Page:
Want to increase your strength? Pay attention to your recovery!
When you apply resistance to your muscles, whether with bodyweight training, unconventional weight training, or standard weight lifting, you create micro-tears in the fibers of your muscles. As these micro-tears heal, they increase the size and quantity of muscle fibers, and thus your muscles grow stronger.
Additionally, as you would expect, those micro-tears increase the level of inflammation in your body, with all of the resulting chemical responses. This inflammation, along with the release of stress hormones such as cortisol, cause systemic damage in the body which can result in additional health problems. At best, over-training never allows those muscle fibers to repair properly nor allows the inflammatory and stress responses to diminish. At worse you set yourself up for injury. Either way, you quickly plateau and end up not making the progress toward your goals that you want.
All this is to say that recovery and rejuvenation are vital to getting stronger.
9 Ways To Optimize Your Training For Maximum Strength, Power, Endurance and Mobility. (In no particular order:)
#1 Refuel your body after your workout.
Carbohydrates don't do much in the way of repairing your muscles, but they do get broken down in the body and stored in muscle cells as glycogen. Glycogen is a raw ingredient in the synthesis of Adenosine Triphosphate (ATP), which is what muscle cells (and all cells) use as fuel for cellular function. After a hard workout, the glycogen has been depleted from your muscle cells and needs to be replaced. Unlike protein, you can simply consume carbohydrates according to your normal daily needs over the course of the day and you'll refuel. However, having a light carbohydrate snack prior to a workout can help give you a bit of extra energy.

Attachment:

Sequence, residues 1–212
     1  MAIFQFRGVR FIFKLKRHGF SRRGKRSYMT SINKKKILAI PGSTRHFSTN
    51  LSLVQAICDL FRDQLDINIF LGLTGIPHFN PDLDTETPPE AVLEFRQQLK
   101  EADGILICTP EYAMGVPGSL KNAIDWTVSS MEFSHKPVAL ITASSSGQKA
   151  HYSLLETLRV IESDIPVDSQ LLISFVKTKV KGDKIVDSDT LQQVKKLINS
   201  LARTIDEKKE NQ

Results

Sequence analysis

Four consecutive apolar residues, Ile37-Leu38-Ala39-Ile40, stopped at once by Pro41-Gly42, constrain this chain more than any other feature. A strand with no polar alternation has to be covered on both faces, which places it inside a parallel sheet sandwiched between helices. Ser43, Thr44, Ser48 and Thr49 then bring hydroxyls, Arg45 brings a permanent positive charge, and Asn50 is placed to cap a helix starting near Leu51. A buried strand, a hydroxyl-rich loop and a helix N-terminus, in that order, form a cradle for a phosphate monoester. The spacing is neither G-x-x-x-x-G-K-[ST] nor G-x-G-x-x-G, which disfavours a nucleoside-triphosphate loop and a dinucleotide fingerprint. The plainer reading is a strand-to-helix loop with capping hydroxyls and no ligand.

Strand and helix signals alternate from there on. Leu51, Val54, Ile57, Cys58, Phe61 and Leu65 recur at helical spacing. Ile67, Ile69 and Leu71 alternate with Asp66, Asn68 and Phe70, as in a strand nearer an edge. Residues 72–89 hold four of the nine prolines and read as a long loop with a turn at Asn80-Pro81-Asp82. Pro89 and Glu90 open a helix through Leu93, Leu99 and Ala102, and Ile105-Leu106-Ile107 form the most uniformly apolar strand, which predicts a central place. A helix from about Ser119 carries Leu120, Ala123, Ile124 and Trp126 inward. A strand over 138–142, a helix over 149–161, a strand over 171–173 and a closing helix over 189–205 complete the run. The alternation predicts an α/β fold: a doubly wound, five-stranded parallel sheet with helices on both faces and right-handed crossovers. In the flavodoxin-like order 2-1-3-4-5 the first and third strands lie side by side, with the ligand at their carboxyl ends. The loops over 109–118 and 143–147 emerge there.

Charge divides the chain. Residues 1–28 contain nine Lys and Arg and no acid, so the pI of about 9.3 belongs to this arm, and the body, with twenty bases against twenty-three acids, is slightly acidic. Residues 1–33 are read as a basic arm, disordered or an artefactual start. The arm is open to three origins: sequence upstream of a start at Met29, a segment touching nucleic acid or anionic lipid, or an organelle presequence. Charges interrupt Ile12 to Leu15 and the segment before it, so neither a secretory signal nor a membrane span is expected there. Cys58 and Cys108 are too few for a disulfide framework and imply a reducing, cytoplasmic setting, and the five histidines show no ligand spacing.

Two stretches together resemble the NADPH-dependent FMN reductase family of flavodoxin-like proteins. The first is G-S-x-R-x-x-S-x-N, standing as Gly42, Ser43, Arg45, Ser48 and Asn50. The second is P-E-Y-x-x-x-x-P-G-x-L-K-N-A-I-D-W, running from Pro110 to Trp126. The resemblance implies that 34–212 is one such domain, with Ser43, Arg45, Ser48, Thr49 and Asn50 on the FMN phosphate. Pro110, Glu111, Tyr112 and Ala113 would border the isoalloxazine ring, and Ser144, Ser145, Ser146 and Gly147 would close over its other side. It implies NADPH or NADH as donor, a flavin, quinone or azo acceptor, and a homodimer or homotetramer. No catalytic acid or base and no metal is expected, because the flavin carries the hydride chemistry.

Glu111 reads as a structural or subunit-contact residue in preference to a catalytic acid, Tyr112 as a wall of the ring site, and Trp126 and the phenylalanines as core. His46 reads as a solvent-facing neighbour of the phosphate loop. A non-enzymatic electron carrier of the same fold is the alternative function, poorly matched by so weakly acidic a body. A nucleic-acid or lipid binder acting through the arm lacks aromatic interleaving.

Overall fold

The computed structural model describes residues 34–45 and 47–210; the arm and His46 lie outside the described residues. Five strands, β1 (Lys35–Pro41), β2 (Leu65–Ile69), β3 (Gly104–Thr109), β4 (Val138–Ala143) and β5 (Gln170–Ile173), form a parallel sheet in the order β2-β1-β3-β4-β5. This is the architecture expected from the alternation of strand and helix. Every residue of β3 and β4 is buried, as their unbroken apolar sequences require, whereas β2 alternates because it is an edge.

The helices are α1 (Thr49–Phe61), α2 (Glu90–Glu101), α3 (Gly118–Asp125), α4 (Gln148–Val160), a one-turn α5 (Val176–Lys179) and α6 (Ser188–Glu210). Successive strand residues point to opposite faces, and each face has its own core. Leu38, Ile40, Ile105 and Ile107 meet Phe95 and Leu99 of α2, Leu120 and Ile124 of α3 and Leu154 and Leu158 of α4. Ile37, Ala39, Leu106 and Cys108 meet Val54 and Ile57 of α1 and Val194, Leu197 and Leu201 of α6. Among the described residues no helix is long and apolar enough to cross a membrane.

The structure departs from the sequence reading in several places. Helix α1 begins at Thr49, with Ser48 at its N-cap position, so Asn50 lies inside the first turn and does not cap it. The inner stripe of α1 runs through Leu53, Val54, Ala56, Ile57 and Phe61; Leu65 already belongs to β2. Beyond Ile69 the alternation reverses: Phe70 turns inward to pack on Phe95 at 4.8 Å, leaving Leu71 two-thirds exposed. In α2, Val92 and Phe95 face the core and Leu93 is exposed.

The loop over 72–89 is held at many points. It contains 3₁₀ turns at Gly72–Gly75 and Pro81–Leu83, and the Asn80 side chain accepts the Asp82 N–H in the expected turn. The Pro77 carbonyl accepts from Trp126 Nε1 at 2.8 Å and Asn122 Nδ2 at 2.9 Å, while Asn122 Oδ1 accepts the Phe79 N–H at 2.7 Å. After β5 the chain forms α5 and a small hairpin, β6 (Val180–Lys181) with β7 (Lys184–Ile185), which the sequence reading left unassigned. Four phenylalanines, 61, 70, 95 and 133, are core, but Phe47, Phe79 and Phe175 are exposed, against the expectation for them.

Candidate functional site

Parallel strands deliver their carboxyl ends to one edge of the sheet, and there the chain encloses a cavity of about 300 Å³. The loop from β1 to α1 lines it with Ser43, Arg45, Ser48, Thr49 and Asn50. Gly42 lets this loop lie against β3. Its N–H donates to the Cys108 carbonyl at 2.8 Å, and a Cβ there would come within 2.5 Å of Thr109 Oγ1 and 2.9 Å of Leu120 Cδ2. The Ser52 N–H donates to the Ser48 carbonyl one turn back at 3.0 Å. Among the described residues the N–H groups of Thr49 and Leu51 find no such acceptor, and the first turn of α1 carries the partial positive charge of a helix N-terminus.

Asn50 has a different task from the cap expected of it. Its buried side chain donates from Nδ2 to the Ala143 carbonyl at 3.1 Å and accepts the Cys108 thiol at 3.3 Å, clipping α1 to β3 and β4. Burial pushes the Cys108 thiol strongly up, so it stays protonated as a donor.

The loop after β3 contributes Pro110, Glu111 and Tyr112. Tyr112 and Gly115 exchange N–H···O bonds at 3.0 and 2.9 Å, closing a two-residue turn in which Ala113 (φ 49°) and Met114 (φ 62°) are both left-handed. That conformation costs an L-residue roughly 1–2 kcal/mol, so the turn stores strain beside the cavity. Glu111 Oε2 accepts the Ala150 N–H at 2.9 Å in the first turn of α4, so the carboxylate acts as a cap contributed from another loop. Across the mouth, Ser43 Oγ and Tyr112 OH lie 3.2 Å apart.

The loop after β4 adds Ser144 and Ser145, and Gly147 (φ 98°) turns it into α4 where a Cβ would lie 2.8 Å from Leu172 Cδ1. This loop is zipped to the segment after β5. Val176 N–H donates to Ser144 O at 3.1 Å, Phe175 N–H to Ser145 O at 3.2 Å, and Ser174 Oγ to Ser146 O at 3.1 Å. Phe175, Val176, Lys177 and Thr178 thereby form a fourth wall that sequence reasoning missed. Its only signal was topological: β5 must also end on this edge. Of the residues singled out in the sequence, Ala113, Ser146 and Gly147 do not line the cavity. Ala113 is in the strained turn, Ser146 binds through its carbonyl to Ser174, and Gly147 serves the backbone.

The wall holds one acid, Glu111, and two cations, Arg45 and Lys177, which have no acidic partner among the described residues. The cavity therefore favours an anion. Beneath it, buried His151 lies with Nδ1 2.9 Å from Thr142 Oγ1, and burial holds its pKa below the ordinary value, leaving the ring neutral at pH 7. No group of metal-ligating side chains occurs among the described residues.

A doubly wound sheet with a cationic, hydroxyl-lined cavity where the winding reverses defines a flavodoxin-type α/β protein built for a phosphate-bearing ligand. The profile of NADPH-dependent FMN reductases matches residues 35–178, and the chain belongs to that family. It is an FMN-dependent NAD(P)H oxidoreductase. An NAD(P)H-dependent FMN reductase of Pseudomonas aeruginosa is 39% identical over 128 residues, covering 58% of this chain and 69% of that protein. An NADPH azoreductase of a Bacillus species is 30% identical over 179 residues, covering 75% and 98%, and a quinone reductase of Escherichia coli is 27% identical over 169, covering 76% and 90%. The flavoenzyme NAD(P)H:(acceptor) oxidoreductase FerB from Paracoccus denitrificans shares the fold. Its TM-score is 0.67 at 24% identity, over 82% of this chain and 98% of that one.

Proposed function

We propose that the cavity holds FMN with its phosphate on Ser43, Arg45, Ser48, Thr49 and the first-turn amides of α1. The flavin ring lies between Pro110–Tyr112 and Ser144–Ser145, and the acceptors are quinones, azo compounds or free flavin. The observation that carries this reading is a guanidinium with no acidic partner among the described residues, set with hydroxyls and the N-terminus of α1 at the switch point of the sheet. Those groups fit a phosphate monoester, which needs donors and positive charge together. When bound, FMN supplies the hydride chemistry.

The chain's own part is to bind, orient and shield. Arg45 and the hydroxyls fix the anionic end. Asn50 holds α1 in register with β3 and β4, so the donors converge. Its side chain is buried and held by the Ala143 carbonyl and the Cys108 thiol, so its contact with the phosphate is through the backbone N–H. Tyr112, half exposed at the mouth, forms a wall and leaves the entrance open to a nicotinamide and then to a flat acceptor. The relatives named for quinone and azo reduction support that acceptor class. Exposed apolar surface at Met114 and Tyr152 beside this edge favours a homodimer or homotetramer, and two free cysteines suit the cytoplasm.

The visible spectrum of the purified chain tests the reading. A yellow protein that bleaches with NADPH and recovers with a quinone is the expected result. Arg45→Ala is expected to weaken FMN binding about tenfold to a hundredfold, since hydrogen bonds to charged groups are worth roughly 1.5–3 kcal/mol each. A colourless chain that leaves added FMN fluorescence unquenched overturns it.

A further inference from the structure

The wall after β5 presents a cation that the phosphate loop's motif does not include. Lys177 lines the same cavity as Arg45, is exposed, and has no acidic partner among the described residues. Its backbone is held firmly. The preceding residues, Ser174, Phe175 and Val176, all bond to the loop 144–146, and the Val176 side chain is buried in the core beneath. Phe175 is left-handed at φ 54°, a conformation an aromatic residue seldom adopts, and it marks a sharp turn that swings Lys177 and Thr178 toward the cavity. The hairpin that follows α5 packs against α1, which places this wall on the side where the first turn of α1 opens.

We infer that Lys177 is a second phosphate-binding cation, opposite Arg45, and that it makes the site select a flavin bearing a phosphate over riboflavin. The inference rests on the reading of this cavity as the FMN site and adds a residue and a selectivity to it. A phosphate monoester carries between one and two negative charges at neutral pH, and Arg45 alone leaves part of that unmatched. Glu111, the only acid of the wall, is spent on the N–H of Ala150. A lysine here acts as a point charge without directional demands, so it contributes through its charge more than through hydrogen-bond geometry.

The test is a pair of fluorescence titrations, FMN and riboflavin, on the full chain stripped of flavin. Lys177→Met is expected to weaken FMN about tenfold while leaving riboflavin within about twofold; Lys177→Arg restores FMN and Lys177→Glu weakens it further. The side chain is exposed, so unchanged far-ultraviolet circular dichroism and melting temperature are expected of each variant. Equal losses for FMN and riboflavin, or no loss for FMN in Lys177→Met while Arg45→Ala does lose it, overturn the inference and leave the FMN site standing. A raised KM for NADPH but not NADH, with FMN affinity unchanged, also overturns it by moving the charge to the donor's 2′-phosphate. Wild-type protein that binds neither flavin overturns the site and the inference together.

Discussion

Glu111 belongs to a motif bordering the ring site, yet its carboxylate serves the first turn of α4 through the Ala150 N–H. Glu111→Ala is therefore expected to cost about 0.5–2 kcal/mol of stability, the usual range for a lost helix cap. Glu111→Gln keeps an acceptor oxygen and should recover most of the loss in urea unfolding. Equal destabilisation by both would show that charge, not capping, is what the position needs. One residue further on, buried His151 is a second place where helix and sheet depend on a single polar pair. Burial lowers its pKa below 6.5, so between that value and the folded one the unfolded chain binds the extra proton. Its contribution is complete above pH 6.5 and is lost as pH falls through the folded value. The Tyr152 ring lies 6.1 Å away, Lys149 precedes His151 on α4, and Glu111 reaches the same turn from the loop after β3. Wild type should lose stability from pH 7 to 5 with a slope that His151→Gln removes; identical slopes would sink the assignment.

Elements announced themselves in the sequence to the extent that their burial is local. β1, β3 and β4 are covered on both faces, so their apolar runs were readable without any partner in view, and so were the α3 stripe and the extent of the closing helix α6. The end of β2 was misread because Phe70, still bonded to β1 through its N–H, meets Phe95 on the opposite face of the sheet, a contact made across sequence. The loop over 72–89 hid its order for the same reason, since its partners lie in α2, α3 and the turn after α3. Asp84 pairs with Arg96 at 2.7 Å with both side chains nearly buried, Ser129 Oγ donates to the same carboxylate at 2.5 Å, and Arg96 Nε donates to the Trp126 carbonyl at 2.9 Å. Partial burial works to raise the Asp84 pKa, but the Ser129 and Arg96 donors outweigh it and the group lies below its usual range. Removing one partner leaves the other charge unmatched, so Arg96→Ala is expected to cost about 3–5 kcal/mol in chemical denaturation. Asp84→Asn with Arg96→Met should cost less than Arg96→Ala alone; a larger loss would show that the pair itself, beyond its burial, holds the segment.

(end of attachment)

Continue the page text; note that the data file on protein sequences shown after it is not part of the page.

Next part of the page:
#3 Self Myofascial Release and/or Massage
Regular massage also helps to reduce soreness and increase flexibility and mobility as well as contribute to emotional and mental wellness. To get the best effect for your muscles, go for deep tissue or therapeutic massage as opposed to Swedish or relaxation massage.
One last SMR point to keep in mind... SMR before sleep has been shown to improve the quality of slumber, which brings us to our next point...
How much sleep do you need? A minimum of 7 hours per night is good with the ideal being closer to 8 hours per night. There are plenty of resources available to help you get an idea of how you're sleeping and to help you sleep better. The main way to help make sure you get enough sleep is to consistently go to bed at the same time each night and wake up at the same time each morning. You may need black-out curtains and either ear plugs or even better, a white noise generator (I use the "White Noise" app by TMSoft for Android and iOS).
Deep, 4/4/4 breathing and meditation will promote relaxation, a positive mental outlook and increased blood oxygen which will help lower the pH in your cells.
If you're a bit more advanced in your meditation practice, you may be interested in the Lifeflow meditation tracks. Using sophisticated brainwave entrainment technology, these audio tracks channel your brain wave frequency into specified ranges, improving the depth and ease of meditation.
#6 Active Recovery Exercise
To get to the right Target Heart Rate, you'll need to do some calculations. You will need the following values:
- Your Maximum Heart Rate (MHR).
- Your Resting Heart Rate (RHR).
- Your Heart Rate Reserve (HRR).
According to Lifehacker, Maximum Heart Rate can be best calculated as follows:
- "If you're not in your twenties: 207 minus 70% of your age worked better in tests of folks over 30, and of 10 and 16 year old boys.
- If you're female, and over 35: try 206 minus 88% of your age.
- 211 minus 64% of your age works well for older healthy adults, and for women."
Ideally, check your heart rate everyday for a week before you get out of bed in the morning. Then take the average of those values. Of course, lots of fitness monitors will also calculate your RHR.
HRR = MHR - RHR.
Target Heart Rate
Target Heart Rate = (HRR x %intensity) + RHR.
Again, go for about 50% intensity. Also, it's a good idea to keep track of your RHR because it can be an indicator of over training. If you see your RHR going up consistently, and over 10% of your baseline, dial back your workouts until your RHR is back within your baseline range.
#7 Rest Day(s)
#8 Nourish Your Body
Tips to make sure you drink enough:
- Get a 64 oz stainless steel growler from Amazon. Fill it up with water in the morning, and make certain to finish it by 4pm. (This is in addition to any water that you drink while exercising.)
- Become a water guzzler. Guzzling, rather than sipping, makes drinking 8 oz or more at one time easy. Save your sipping for diuretic beverages.
- Drink a glass of warm water with lemon juice in the morning when you wake up. It has a rejuvenating and re-hydrating effect on the body and mind.